Let’s not reserve our outrage for the likes of Jonathan Stickland, the buffoonish far-right Texas House member from Bedford who attacked a prominent infectious disease expert on Twitter recently and equated Dr. Peter Hotez’s life-saving vaccine research to “sorcery.”
Let’s save some ire for folks who know better and say nothing.
Gov. Greg Abbott and legislative leaders in Austin surely know that Texas has seen a 2,000 percent increase in vaccine exemptions since 2003, the year we began allowing parents to decline required immunizations for non-medical reasons. Texas saw a 14 percent increase last year alone.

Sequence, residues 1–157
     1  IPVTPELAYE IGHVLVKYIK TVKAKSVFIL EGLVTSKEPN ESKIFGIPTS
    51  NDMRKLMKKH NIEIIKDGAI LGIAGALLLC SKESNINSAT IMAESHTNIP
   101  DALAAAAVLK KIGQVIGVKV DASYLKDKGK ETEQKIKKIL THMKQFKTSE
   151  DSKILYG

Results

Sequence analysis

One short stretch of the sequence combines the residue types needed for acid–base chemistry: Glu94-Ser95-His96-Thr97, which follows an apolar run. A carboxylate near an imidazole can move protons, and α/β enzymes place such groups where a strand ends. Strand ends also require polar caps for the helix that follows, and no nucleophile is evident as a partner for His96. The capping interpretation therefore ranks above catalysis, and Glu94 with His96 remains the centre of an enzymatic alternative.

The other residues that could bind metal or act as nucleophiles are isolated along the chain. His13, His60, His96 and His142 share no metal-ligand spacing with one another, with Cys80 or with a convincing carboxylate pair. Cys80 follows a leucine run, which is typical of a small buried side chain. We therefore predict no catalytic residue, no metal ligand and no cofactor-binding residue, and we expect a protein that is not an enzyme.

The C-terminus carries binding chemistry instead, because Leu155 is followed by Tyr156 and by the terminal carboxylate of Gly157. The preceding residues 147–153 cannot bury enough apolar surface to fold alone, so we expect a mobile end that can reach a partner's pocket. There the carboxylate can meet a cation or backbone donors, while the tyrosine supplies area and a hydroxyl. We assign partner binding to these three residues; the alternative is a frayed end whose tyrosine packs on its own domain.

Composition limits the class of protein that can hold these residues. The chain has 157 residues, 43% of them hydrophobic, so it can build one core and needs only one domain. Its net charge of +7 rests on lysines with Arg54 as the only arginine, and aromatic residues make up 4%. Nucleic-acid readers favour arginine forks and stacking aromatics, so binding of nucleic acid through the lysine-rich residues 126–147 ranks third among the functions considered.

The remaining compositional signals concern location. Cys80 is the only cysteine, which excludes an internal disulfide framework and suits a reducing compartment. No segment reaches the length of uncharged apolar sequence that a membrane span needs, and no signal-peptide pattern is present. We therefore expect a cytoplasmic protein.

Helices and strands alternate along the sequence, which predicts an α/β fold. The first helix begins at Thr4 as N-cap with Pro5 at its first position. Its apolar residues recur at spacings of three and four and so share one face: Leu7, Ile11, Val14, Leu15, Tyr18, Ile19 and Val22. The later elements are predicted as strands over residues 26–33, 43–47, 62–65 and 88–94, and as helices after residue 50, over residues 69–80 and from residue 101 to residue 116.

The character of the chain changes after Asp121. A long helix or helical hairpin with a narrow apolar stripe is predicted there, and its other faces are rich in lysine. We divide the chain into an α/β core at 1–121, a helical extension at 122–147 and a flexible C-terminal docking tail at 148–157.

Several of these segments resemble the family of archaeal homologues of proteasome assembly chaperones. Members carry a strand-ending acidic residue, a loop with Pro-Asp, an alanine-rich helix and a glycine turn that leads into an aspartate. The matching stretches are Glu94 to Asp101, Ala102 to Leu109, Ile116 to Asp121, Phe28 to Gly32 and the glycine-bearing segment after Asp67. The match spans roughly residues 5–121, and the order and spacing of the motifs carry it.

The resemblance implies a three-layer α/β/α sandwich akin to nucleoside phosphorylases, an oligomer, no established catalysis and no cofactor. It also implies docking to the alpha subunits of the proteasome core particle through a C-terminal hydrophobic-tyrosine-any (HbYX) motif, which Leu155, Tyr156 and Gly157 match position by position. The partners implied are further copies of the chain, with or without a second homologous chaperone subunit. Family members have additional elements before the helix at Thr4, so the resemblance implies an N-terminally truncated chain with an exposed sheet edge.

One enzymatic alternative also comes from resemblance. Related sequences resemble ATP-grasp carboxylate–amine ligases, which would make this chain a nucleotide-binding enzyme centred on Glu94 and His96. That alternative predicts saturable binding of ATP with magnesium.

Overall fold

We hope Abbott and the others saw the story Friday by the Chronicle’s Todd Ackerman on a study showing Harris County is one of the nation’s most vulnerable counties to an outbreak of the highly contagious, potentially fatal virus that was largely eradicated two decades ago.
Why? International travel mixed with the dangerous prevalence of parents opting out of once-mandatory shots for their children, according to the journal Lancet Infectious Diseases.
Yet, Abbott and others say little to counter the myths invented in debunked scientific research, half-truths and conspiracy theories of the growing anti-vaccine movement.
In 2015, spokeswoman Amelia Chasse said in a Chronicle story that the governor recognized the public health benefits of vaccines and encouraged all parents to have their children vaccinated, as he and the first lady did with their daughter.
But Abbott “supports current Texas law that he believes strikes the right balance of requiring vaccinations while still allowing parents to opt out under certain circumstances,” Chasse added.